Yargl in the sun
I know, the title is bad, but I am lazy. I am in San Diego, sitting on a bar's terrasse with free WiFi, although I don't know if it's provided by the bar itself or some hacktivist in the area. The pretty young girl in front of me does not understand why I was laughing at loud a few minutes ago (it's Tristan's fault, his last post is hilarious). The beer is excellent, the view too, and I enjoy an hour of rest after 3 days of work, 16 hours of travel, 9 hours of time shift, and two nights of jetlag.
I was supposed to have dinner with a friend yesterday night, but that did not work well; I had to have dinner alone and tried to find an empty spot in a correct restaurant... After 45 minutes, I gave up. Each restaurant I visited had a waiting list of 40 to 75 minutes. Eventually, I went to the supermarket, bought some excellent hot food I brought back to the hotel, and had an excellent dinner in my own company, listening to Bob Woodward interviewed by Larry King. Larry King is never better than when he has a smart guest, and Woodward has a wonderful brain.
The Desktop Linux Summit went very well and the panel I was in was quite appreciated I think.
For those of you who know the story behind the terms disruptive innovation, besides the fact blake and hyatt went upset about it when I said firefox/firebird/phoenix was a disruptive innovation for the Mozilla Application Suite (and I was right about it), I had the chance to hear Clayton Christensen, Innovator's Dilemma's author, give a speech at the end of the Desktop Linux Summit. Quite interesting; not brilliant, but interesting. I had a question for him, given the fact his books and all his examples only deal with corporations: does free software increase or not the disruption given the fact the software authors have no constraints of ROI or time while sustaining technologies' providers do have such constraints. The answer was a bit disappointing "well, you are right, maybe harvardian smile meaning I can tell you more for a thousand bucks an hour)". He also told us about the concept of "trivial innovation" from Andry Grove . That was more than interesting; unfortunately, he spent only a minute or two on that topic.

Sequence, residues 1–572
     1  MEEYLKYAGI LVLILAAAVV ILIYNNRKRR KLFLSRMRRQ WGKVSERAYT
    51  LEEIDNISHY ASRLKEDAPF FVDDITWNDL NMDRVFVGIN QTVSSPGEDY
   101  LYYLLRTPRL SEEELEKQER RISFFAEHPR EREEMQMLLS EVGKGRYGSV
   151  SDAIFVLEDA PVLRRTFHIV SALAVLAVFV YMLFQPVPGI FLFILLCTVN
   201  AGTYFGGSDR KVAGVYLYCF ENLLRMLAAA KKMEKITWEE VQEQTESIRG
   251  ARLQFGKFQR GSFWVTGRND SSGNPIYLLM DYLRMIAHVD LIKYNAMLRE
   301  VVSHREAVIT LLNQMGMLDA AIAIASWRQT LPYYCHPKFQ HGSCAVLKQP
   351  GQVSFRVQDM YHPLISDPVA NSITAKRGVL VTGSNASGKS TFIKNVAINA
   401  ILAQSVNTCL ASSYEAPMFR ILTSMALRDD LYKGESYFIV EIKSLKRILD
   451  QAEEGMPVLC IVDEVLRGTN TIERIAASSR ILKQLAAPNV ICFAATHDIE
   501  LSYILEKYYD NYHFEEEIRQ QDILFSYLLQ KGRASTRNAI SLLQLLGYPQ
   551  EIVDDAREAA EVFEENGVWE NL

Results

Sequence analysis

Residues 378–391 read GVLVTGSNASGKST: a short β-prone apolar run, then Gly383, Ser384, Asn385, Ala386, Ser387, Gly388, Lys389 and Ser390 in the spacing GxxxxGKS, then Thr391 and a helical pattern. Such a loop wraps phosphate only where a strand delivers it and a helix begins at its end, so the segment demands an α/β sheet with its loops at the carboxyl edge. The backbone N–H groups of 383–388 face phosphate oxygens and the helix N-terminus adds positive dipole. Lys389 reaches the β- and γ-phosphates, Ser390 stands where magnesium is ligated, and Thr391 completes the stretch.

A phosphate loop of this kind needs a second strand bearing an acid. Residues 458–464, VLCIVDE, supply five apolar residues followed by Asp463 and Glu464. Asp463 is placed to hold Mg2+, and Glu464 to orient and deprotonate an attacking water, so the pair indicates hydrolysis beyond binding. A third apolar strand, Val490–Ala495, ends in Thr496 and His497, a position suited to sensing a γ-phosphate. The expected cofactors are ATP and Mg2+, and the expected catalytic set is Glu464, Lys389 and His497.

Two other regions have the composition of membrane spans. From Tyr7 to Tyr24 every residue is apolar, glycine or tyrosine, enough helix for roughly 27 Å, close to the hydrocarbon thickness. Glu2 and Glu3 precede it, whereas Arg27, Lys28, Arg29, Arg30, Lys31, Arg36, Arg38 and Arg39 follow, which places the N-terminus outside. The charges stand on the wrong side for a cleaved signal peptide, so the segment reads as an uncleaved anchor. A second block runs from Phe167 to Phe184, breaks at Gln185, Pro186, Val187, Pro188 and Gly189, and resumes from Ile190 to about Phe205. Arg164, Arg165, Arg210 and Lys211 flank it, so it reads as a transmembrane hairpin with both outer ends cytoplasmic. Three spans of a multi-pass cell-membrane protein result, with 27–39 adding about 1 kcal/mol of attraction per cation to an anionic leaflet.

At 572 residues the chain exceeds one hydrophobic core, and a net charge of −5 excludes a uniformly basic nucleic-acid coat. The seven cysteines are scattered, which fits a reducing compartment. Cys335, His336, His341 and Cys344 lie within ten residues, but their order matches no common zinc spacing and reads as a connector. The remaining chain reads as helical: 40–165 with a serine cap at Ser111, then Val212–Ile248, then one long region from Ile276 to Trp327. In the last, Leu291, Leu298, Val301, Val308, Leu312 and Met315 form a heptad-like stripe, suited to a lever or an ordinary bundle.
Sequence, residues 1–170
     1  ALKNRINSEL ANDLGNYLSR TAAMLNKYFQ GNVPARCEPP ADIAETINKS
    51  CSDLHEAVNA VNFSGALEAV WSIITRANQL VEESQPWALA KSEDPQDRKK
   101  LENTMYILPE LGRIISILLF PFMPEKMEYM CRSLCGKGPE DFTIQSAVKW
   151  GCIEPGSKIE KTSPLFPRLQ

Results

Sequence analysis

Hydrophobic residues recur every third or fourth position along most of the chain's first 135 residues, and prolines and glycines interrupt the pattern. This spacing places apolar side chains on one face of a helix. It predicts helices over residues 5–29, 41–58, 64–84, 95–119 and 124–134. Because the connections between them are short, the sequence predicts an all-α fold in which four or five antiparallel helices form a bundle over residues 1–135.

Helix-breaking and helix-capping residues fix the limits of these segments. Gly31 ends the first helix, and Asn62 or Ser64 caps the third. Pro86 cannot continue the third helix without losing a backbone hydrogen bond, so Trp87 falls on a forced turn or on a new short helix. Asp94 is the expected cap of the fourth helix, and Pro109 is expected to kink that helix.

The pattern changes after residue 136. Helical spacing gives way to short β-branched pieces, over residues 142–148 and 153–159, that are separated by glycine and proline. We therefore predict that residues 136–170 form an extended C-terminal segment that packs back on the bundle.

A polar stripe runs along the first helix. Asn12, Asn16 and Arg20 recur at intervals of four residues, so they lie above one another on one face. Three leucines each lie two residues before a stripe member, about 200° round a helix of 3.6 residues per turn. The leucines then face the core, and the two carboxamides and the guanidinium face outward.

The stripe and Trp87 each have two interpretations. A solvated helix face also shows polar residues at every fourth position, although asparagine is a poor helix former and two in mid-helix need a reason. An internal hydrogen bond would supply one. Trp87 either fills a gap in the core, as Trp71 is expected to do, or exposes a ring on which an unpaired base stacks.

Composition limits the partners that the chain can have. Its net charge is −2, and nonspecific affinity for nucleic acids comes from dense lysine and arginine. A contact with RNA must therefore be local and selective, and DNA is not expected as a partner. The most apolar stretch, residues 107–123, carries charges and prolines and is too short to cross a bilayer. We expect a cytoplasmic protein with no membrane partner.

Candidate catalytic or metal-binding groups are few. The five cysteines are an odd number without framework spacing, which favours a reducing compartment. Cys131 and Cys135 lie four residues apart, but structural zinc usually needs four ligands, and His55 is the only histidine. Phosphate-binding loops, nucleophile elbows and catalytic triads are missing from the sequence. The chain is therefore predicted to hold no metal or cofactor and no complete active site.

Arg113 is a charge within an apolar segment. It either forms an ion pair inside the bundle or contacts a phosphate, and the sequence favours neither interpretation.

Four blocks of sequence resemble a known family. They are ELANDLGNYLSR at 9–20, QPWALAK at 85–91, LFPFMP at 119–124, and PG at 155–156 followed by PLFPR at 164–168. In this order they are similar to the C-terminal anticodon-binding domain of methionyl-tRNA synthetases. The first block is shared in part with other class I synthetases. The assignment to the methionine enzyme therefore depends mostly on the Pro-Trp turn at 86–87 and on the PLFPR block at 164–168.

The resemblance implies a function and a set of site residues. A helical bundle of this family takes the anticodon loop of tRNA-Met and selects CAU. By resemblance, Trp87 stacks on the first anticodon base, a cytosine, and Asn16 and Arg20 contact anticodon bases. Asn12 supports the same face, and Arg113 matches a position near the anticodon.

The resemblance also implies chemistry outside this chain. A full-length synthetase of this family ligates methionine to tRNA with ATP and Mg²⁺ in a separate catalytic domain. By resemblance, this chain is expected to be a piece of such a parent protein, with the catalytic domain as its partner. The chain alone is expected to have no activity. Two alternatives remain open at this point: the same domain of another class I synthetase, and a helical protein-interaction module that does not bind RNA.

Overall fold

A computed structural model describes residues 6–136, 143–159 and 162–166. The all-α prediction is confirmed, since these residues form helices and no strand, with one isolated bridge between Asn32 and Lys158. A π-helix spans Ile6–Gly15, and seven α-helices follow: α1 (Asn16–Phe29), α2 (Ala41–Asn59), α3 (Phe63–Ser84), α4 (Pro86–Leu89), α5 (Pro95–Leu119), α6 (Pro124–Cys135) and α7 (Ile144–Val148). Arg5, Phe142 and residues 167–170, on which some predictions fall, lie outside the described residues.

I also found the time to visit the local Fry's Electronics. I just can't make a trip to California without a visit to Fry's. I'm coming back with a few gadgets that I can't find in France in these versions or that cost so much more in France that it's worth bringing'em back from the US. I bought for istance a wifi/g printer server for $119 that costs 249EUR in Paris... Unfortunately, still no iPod mini.
Since I did not want to play yesterday evening's game, trying to find a restaurant, I ended up at McDonald's. Asking for a 6pcs McNuggets meal. To my big surprise, the hostess started laughing, telling me 6pcs are only in the HappyMeal for kids and that adults meals were 10 or 20pcs. Laughing myself, I said "ok for a kids's happy meal" Got my nice paperbag with a toy inside, the other people looking at me as if I was an alien from outerspace! No wonder why so many people are fat here, sucking sodas from sunrise to sunfall and eating for two or three.
Last thing, I am pondering a W3C's membership for my company despite of the price, I already blogged about that. If Disruptive Innovations joins, that'll be to work on CSS and the HTML4 errata. We'll see.